Shakespeare taught me the humbling intimidation of great writing; that craft produces poetry; that emotion is inspired automatically by words well crafted and properly spoken; and that art is larger than life.

The Private Theatre Hosts a Reading of A Queen for a Day Featuring Dan Lauria

The Private Theatre is proud to host an invitation-only reading of Mike Ricigliano’s new play, “A Queen for a Day,” on Sunday, January 27 at the Cherry Lane Theatre. The confirmed cast for the reading includes Dan Lauria (A Christmas StoryLombardi, “The Wonder Years,”), Matt Servitto (“The Sopranos”) and Heidi Armbruster (Revolutionary Road). The reading will be directed by The Private Theatre’s Artistic Director, John Gould Rubin.

Read the full story on www.broadwayworld.com.

CalArts Hosts The Private Theatre for a Workshop of Electra Despierta

The California Institute of the Arts (CalArts) hosted The Private Theatre at its Los Angeles campus in September, for a workshop of Electra despierta (“Electra Awakes”) by Mexican playwright Ximena Escalante. The Private Theatre’s Artistic Director, John Gould Rubin, attended the workshop along with Managing Member Salomé M. Krell, who will be a featured actor in the project. The two organizations hope to develop a bilingual production of this contemporary retelling of the Electra myth.

Read more about the workshop on the CalArts blog.

Travis Preston, the Dean of the CalArts School of Theater, is one of the founders of The Private Theatre.

The Private Theatre and Barbara Ligeti Present Turning Page

The Private Theatre is partnering with company board member Barbara Ligeti to present Turning Page, a new solo play by Angelica Page. This poignant and personal piece about Page’s mother, American actress Geraldine Page, will have an Off-Broadway run at the Cherry Lane Studio Theatre this October.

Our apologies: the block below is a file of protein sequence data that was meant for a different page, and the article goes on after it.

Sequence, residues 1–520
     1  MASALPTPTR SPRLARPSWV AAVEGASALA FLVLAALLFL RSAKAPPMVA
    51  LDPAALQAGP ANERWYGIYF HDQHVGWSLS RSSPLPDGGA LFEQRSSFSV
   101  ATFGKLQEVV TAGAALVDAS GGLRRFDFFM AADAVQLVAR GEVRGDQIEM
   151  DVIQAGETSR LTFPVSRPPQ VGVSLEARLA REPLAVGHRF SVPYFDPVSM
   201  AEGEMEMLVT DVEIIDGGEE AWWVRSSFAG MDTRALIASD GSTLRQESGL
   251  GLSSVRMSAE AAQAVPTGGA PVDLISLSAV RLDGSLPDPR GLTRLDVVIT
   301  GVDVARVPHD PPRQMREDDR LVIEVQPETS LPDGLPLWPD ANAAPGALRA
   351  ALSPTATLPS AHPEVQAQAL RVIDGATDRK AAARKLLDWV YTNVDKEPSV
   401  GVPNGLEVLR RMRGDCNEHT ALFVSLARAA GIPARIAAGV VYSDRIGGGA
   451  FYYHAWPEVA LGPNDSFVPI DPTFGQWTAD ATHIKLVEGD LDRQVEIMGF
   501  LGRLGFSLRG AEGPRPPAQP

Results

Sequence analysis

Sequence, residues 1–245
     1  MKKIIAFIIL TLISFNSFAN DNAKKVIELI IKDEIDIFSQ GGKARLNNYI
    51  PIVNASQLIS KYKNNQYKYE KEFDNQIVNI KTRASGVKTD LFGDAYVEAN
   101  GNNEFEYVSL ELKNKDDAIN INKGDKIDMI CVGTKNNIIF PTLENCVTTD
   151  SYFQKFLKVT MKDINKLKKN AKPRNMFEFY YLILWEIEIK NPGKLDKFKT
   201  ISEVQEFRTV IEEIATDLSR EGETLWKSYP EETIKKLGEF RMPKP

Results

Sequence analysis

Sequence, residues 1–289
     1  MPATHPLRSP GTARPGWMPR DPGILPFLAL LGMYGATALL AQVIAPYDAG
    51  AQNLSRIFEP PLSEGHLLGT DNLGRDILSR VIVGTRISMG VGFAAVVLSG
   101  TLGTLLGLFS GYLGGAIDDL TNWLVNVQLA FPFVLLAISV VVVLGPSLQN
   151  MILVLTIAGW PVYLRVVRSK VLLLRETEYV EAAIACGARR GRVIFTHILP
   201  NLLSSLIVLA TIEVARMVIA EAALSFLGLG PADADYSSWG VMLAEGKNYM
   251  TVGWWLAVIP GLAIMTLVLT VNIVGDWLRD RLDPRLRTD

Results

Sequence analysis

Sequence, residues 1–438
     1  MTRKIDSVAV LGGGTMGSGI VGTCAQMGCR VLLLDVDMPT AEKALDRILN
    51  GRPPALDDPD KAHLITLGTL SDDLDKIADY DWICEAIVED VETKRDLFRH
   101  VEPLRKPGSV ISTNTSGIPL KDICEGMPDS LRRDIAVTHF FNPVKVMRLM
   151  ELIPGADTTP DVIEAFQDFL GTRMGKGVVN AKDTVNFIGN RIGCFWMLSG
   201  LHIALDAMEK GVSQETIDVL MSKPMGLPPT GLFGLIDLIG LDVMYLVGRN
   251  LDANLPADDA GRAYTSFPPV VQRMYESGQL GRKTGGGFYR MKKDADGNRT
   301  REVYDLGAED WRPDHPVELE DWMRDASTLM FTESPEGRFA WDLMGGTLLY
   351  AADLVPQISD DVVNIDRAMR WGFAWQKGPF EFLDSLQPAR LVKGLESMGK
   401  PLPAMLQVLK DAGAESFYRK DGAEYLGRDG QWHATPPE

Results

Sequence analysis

For more information about Turning Page, visit the show’s website:

http://turningpagetheplay.com/

What People Are Saying about Playing with Fire

“[An] inventive, bawdy transformation of August Strindberg’s 1893 one-act, Playing with Fire
-This Week in New York

“A wildly sexual, burlesque and fiery piece. This is Boogie Nights meets Cabaret meets Spanking the Monkey.”
-Off Broadway

“Offers titillation of a more rarified, [sic.] theatrical kind.”
-NY Post

“It was an extraordinary evening! Unforgettable, sexy and electric. Wow.”
-Jamey Hood

“If you enjoy [...] getting insanely turned on, then you HAVE to see Private Theatre’s Playing with Fire.”
-
Barb Kielhofer

 

Wanted: Dead or Alive?

Playing with Fire co-conceiver, Shane Bly Killoran, articulates some of the questions she posed in preparation for our production, by imagining a correspondence with August Strindberg, author of the one-act play that inspired us.

Herr Strindberg,

According to you, it’s 1893 in a small village outside Stockholm. According to me, it’s 2012 in the heart of a rather large village better known as New York City.

As your dramaturg, tell me, how do I transition your play over centuries, eras and continents? How can I possibly integrate two such vastly different worlds and assist the director and adaptor so they land on a plane that speaks truthfully to both sets of realities? How do I take a theatrical heirloom and render it relevant to our audience? How do I remain loyal to the interiors of your play while meeting the needs of a ‘modern’ production? Would this task be easier if you were still alive? Or is it better that you exist in another dimension, far from me and the realities of today’s rehearsal process? Fuck, Sir.

To complicate matters, you (in my opinion), have been lazily labeled a ‘misogynist’: interesting given your feminist tendencies. However, what rings more true, is an equal contempt for both genders in an era that overwhelmingly sympathized with yours. Again, Sweden to New York and with gender complications: Sir, Holy Fuck.